This is a short post connected to Faiz’s death anniversary. As most of you are aware I consider Faiz not Iqbal to be the national poet of Pakistan. The contribution of Faiz Ahmed Faiz to Pakistan right from the inception of the new nation is second to none.
Yet crooks on the right and the left have a habit of lying about Faiz Ahmed Faiz. Both these groups claim – quite inaccurately – that Faiz Ahmed Faiz was implacably opposed to the creation of Pakistan, quoting his “Subh-e-Azadi” as evidence. Subh-e-Azadi, written some time after partition and not on the night of independence as some geniuses would have us believe, was written not as much about partition as it was about the meaninglessness of independence which did not bring about a socially just and egalitarian order which was the cornerstone of Faiz Ahmed Faiz’s politics.
In an article today, the Express Tribune falsely claimed that Faiz Ahmed Faiz took over as editor of the Pakistan Times after independence. Nothing can be farther from the truth. Faiz Ahmed Faiz, being a committed member of the left and under instructions from Communist Party of India which supported the Paksitan Movement, had become the editor of the Pakistan Times in January 1947 when Iftikharuddin founded it with Jinnah’s patronage. Pakistan Times- a mouthpiece of the resurgent left within the Muslim League- was instrumental in bringing down the Khizer ministry and Faiz’s editorials show the remarkable patriotism of the man in the closing stages of the Pakistan Movement. It is also forgotten that Faiz Ahmed Faiz and M D Taseer were part of the three member negotiating team sent by Quaid-e-Azam to Kashmir to convince the Maharaja to accede to Pakistan.
While the geniuses at Express Tribune mentioned – rightly – Faiz Ahmed Faiz’s touching editorial “Long Live Gandhiji”, for some reason Faiz Ahmed Faiz’s more relevant tribute to Quaid-e-Azam Mahomed Ali Jinnah on his demise has been omitted:
13 September 1948
The Qaid-i-Azam has passed away, after long years of toil and sacrifice and service in the cause of his people, his frail body has at last been gathered unto rest and his soul called back to the abode of eternal blessed. No name in the history of Indian Muslims has been loved and acclaimed as the name Mohammad Ali Jinnah.
No man in living memory evoked such unquestionable loyalty, such unqualified devotion, such unbounded faith, for the one-time oppressed, rejected and broken Muslim nation, Mohammad Ali Jinnah was much more than a political leader. He was the father and the brother, the friend and the counsellor, the guide and confidant, the comrade and leader all combined into one. Millions hopefully whispered his name in hours of anguish and blessed him in moments of joy. For the best portion of his life he carried on his shoulders the burden of all their cares, in his heart the ache of all their sorrows and in his bones the weariness of all their labours. And now he is gone. The nation has been deprived of his love and his wisdom that guided and sustained them, of his leadership that held them so closely together, of his incorruptible rectitude that set the standard for their moral and political conduct.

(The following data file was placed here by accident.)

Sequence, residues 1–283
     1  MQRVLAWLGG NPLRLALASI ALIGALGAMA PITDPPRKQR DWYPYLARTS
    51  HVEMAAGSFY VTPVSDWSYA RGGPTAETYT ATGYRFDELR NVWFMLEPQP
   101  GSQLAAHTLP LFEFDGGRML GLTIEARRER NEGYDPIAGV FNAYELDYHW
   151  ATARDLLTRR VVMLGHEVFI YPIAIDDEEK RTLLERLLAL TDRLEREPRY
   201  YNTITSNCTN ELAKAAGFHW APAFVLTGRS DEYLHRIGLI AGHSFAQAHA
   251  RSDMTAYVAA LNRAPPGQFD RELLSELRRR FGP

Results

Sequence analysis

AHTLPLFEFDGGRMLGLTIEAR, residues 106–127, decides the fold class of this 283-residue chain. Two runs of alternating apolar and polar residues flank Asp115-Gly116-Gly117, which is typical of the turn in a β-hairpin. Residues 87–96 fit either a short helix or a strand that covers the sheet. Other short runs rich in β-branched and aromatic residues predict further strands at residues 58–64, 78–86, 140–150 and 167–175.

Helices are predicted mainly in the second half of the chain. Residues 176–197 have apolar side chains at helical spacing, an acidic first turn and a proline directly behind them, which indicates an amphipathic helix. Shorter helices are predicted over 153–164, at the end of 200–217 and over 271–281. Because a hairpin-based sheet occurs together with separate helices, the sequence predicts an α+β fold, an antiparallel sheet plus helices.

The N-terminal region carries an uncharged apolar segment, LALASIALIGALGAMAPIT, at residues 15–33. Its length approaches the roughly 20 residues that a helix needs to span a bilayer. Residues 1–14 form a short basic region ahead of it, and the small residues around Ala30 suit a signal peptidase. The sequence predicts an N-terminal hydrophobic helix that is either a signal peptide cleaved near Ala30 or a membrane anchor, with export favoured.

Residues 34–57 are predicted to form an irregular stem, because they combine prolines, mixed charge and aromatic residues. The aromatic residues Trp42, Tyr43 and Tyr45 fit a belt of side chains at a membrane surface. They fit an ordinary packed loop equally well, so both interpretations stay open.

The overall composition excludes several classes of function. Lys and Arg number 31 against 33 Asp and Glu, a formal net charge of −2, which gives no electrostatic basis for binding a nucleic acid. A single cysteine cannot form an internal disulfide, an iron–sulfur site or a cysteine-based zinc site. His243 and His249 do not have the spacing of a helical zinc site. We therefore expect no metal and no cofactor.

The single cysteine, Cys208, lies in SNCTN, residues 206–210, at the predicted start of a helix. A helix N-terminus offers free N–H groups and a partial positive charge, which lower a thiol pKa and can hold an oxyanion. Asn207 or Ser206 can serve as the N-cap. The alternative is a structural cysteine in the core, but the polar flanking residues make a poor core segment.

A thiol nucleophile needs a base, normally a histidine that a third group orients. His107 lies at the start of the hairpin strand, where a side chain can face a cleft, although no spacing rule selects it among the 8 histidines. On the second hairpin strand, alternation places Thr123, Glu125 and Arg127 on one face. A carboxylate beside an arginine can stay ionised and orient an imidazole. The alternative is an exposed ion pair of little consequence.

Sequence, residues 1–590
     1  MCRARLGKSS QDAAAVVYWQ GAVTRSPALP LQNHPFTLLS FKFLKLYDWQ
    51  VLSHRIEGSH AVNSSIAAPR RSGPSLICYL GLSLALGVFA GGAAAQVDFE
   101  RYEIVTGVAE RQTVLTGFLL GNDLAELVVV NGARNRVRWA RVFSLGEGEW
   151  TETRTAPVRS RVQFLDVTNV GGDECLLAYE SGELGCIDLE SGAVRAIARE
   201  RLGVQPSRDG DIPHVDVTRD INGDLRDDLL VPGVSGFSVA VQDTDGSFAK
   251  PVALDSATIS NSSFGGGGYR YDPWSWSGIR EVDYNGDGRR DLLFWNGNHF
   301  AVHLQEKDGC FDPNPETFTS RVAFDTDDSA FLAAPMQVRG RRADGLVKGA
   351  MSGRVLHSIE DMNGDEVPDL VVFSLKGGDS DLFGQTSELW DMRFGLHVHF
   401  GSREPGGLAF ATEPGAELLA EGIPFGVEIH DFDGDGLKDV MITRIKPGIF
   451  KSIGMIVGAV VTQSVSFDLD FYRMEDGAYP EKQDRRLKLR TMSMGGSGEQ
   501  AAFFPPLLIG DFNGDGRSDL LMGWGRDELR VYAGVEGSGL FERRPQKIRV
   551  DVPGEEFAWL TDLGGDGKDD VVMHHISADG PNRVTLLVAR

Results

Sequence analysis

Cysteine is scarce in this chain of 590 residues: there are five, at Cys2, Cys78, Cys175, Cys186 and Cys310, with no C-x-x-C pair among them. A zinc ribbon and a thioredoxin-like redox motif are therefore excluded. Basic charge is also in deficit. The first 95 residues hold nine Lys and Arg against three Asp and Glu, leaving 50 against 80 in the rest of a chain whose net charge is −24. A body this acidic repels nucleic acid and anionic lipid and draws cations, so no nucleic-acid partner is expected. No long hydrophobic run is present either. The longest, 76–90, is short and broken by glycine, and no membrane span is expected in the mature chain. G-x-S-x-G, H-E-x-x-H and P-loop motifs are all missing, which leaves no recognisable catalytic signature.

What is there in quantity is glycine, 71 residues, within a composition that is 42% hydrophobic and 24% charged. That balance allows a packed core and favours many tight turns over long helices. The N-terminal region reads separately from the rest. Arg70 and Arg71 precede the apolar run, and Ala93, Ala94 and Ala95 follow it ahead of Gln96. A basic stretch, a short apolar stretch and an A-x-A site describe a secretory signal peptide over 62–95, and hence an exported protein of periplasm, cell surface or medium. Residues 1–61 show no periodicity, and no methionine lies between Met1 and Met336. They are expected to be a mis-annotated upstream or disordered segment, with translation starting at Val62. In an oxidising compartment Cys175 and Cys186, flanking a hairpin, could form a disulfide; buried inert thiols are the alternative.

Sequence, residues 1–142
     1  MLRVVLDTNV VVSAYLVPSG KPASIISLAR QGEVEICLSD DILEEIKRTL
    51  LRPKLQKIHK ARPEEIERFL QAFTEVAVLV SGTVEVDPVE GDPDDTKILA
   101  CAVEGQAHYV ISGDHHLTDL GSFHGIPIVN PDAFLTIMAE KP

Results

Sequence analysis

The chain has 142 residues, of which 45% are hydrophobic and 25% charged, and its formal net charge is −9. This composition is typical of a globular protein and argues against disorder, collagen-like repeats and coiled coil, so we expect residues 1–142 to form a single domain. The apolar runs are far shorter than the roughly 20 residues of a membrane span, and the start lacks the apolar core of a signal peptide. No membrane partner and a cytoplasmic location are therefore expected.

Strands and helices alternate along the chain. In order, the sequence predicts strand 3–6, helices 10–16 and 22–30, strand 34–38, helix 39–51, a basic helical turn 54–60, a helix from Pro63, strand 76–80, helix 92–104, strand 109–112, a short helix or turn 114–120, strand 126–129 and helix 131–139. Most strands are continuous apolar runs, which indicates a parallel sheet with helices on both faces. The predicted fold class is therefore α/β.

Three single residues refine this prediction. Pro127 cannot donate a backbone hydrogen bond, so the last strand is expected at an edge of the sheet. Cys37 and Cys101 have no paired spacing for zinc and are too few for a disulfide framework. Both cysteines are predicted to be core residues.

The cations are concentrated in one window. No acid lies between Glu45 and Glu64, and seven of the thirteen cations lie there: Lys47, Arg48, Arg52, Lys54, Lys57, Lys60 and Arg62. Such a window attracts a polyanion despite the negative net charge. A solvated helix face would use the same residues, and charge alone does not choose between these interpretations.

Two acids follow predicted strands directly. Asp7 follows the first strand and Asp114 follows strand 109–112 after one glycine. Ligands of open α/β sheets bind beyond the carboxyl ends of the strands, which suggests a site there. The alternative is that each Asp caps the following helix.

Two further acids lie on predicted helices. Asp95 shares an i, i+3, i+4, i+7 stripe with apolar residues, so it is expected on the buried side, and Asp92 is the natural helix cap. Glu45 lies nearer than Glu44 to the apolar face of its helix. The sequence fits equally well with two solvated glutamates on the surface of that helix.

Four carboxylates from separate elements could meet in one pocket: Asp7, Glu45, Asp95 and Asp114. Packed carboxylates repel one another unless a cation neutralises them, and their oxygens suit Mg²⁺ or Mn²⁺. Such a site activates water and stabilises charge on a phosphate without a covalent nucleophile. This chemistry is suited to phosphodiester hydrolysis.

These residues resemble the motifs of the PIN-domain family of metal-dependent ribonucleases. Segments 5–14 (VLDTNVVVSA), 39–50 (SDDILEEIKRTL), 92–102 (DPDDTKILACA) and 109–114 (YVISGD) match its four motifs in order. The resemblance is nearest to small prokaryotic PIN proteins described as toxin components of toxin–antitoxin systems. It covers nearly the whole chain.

It is difficult in the shadow of this fateful hour to discourse dispassionately on what consequences his bitterly mourned death will engender for Pakistan and the rest of the sub-continent. The horizon has never been so dark and cloudy as it is today and the people of India and Pakistan have never faced more anxious days than the days we are now passing through. Not only has the social, cultural and economic renaissance that the dawn of freedom was expected to bring not yet materialised but new dangers to national freedom and national happiness have arisen that have to be fought and overcome.
A million homesteads are still drenched in tears for the loss, during the dark and bloody days of a year ago, of whatever was dear to them on this earth, and already the rumblings of fresh trials and new conflicts are audible from a distance. Short-sighted fanaticism and heartless greed are preparing to plunge both the dominions into another suicidal devil-dance and the voice of the common man is getting feebler through exhaustion. Both India and Pakistan need at this time all the wisdom and humanity they can muster to save themselves from the cataclysm that threatens, and it is a cruel irony of history that at precisely this time both countries have been deprived of the two most wisest and most humane men in the sub-continent. Ours is very much the greater and more grievous loss.
We can show no greater devotion to our beloved leader and give no greater proof of our loyalty to his memory than to base our conduct on the pattern that he has immortalized and to conduct ourselves in a manner that accords with his life-long preaching.
From the great grief that envelops the nation today, must emerge a new courage and a new determination to complete the task that the Quaid-i-Azam began, the task of building a free, progressive and secure Pakistan, to restore our people the dignity and happiness for which the Quaid-i-Azam strove, to equip them with all the virtues that the nobility of freedom demands and to rid them of fear, suffering and want that have dogged their lives through the ages.
(Faiz Ahmed Faiz)
So this attempt to alienate Faiz from the mainstream of Pakistan by both the left and right is shameless to say the least.